For the gas fields in Wyoming, for instance, SkyTruth has satellite images showing white dots connected by thin white lines, but also aerial photos that turn the dots into drilling pads that cover three acres and the lines into roads 50 to 100 feet wide. Amos wants to add photos taken by people on the ground that show all the trucks, equipment and open pits of drilling fluids. He envisions people uploading such pictures to a photo-sharing site. SkyTruth would then add them to its visual file on that location. “If this capability had existed in 1994, it wouldn’t have taken 10 years for people to hear about this explosion of oil and gas drilling on public lands in the West,” he says. “The world can’t wait for 10 years anymore. Our time horizons for taking effective action are getting shorter all the time.”

SATELLITE IMAGERY is allowing conservation biologists to monitor changes in critical habitat. In the last decade, for instance, habitat suitable for tigers has shrunk by 40 percent, and satellite data indicate only four remaining areas that can support the world’s last 500 tigers. Satellite imagery shows orangutans in a similar predicament; illegal logging in Southeast Asia is destroying the ape’s habitat so quickly that the animal might be extinct in the wild in 20 years.

Satellite imagery also makes clear that logging and agriculture in central Africa are threatening the other three great apes—gorillas, chimpanzees, and bonobos. As part of the conservation effort for these animals, scientists are using satellite data to create vegetation maps. Every plant reflects a particular spectrum of light, which allows scientists to inventory and map, say, the density of a gorilla’s favorite foods, such as stinging nettles, wild celery, and thistles. The map tells scientists how much “carrying capacity”—food and shelter—an area can provide and indicates which areas are worth protecting.

Chris Raxworthy, a biologist at the American Museum of Natural History in New York City, concerned about the swift destruction of Madagascar, has developed a program that combines satellite data with software to predict which specific areas of the island are most likely to contain new species of chameleons (his research interest). When he tested the model in the field, he found seven species unknown to science. The program saves time, money and, perhaps, habitat and species.

After seeing hundreds of African elephants massacred by poachers, Steve Gulick invented a small device that uses satellite technology to expose poachers through their killing tools—guns, snares, and machetes. Called TrailGuard, it contains magnetic sensors that detect iron. When poachers trigger the sensor on a trail—in Africa’s dense forests, all human travel is along trails—the device transmits a signal to a satellite gateway hidden in the canopy, which relays it to the satellite. The satellite beams an alarm message to the authorities via computer, satellite phone or pager. The message contains the number of intruders, their exact location, and their direction of travel. With this early warning, rangers can be dispatched to head off the poachers before the killing starts or at least to capture them afterward.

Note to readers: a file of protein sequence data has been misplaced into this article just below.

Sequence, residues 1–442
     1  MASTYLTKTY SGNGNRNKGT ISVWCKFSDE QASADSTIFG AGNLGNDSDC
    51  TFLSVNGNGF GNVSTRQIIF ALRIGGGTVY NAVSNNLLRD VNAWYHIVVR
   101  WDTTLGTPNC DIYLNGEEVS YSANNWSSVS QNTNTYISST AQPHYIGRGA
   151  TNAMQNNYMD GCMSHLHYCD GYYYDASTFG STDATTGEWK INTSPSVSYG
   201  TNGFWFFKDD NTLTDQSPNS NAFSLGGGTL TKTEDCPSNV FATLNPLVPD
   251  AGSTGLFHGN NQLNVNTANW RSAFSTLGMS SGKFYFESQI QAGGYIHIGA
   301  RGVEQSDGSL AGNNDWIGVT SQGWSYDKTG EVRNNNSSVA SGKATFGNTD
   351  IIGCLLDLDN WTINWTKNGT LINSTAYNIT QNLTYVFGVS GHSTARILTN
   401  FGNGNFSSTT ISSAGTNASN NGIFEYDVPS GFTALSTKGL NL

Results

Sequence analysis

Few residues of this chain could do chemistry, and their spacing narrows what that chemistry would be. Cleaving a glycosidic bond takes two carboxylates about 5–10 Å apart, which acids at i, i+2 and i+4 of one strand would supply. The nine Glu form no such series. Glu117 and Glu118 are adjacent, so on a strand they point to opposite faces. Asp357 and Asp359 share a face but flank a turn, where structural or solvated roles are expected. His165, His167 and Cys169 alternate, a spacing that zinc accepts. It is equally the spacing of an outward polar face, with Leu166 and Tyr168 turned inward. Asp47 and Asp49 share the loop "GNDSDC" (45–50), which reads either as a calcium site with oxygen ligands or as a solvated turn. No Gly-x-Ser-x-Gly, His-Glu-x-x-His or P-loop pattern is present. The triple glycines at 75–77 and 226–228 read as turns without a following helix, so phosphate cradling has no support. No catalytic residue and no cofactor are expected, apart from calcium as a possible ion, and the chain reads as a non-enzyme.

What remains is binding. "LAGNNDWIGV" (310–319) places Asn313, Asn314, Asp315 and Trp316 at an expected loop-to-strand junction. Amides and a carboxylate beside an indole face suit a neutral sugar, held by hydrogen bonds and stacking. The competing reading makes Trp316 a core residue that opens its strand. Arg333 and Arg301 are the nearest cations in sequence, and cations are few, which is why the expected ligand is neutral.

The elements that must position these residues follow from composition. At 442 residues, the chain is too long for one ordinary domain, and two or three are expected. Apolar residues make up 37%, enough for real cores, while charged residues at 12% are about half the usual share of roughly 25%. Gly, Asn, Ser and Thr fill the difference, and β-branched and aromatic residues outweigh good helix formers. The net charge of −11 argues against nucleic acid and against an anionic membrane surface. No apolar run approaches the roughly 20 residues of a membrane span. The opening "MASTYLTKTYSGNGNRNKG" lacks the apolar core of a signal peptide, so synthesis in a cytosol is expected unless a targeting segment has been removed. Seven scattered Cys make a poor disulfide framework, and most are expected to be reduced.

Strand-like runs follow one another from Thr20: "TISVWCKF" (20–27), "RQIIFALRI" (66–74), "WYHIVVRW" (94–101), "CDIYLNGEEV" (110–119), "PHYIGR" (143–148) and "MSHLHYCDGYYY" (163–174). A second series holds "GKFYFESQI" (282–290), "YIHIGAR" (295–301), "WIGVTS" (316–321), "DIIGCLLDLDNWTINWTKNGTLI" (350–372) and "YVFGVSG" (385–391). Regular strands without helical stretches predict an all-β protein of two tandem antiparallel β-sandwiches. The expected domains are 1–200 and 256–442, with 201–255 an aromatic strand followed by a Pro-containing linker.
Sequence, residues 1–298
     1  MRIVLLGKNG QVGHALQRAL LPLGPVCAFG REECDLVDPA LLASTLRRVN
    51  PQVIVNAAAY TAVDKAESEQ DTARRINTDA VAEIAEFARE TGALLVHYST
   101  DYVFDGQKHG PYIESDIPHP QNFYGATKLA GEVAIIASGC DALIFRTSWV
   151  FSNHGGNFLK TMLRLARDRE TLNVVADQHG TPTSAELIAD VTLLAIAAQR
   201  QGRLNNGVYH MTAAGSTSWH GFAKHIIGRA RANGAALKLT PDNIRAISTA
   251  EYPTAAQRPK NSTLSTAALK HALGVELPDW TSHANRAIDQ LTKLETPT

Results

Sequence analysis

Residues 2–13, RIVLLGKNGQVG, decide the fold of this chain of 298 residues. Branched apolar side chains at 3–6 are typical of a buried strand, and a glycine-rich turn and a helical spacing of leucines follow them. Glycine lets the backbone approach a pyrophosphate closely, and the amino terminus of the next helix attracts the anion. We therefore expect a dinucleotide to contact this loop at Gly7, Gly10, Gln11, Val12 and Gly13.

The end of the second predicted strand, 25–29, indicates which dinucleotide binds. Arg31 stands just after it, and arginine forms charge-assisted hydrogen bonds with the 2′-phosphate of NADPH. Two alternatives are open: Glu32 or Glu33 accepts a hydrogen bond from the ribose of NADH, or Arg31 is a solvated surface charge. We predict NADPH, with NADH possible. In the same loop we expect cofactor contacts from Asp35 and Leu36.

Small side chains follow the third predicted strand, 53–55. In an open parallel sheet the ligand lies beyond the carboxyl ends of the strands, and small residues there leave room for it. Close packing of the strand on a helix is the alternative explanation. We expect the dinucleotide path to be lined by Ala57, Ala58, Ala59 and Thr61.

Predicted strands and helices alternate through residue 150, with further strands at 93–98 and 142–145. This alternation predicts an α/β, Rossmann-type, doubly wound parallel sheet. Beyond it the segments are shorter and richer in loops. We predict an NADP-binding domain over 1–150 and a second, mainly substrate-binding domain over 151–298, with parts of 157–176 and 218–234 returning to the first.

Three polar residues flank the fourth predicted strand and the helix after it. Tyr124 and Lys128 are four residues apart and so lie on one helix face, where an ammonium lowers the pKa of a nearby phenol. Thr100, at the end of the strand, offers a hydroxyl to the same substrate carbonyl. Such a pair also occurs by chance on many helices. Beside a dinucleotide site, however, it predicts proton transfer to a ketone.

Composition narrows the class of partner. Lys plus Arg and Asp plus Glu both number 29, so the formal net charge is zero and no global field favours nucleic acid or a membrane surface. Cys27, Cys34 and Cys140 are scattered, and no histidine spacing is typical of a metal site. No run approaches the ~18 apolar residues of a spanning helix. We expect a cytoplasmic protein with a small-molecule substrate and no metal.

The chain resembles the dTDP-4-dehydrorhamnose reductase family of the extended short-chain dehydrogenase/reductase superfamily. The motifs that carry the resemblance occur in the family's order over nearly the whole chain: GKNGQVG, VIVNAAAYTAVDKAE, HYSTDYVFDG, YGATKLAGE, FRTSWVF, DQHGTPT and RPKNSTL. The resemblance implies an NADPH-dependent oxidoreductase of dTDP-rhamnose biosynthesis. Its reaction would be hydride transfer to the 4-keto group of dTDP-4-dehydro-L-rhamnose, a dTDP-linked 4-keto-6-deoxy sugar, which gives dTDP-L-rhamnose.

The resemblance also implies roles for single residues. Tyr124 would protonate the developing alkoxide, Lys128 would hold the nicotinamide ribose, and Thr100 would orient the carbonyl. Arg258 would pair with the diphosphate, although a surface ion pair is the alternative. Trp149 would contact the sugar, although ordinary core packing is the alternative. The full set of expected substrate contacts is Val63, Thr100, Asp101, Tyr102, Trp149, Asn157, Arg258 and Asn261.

“Essentially it’s a burglar alarm for parks,” says Gulick, now a visiting scholar at the College of Environmental Sciences and Forestry, State University of New York. People authorized to be in the park—rangers and researchers—would carry a small transponder recognized by the sensor.

Gulick has successfully tested TrailGuard in two African parks, and he expects it to be in production by this summer. Demand is already strong. “In the last year, because of publicity, none of which I sought,” he says, “I’ve had inquiries from parks in 24 countries.” Gulick expects the device to cost about $1,000. The trails leading into a park typically are few and start from a village, so an entire park often can be protected by a dozen TrailGuards. This is crucial in Africa, where parks are big and understaffed. The device also will detect illegal loggers carrying chainsaws. Gulick will soon add acoustic sensors to pick up the sound of chainsaws and mechanized equipment, and an ultraviolet sensor to detect campfires.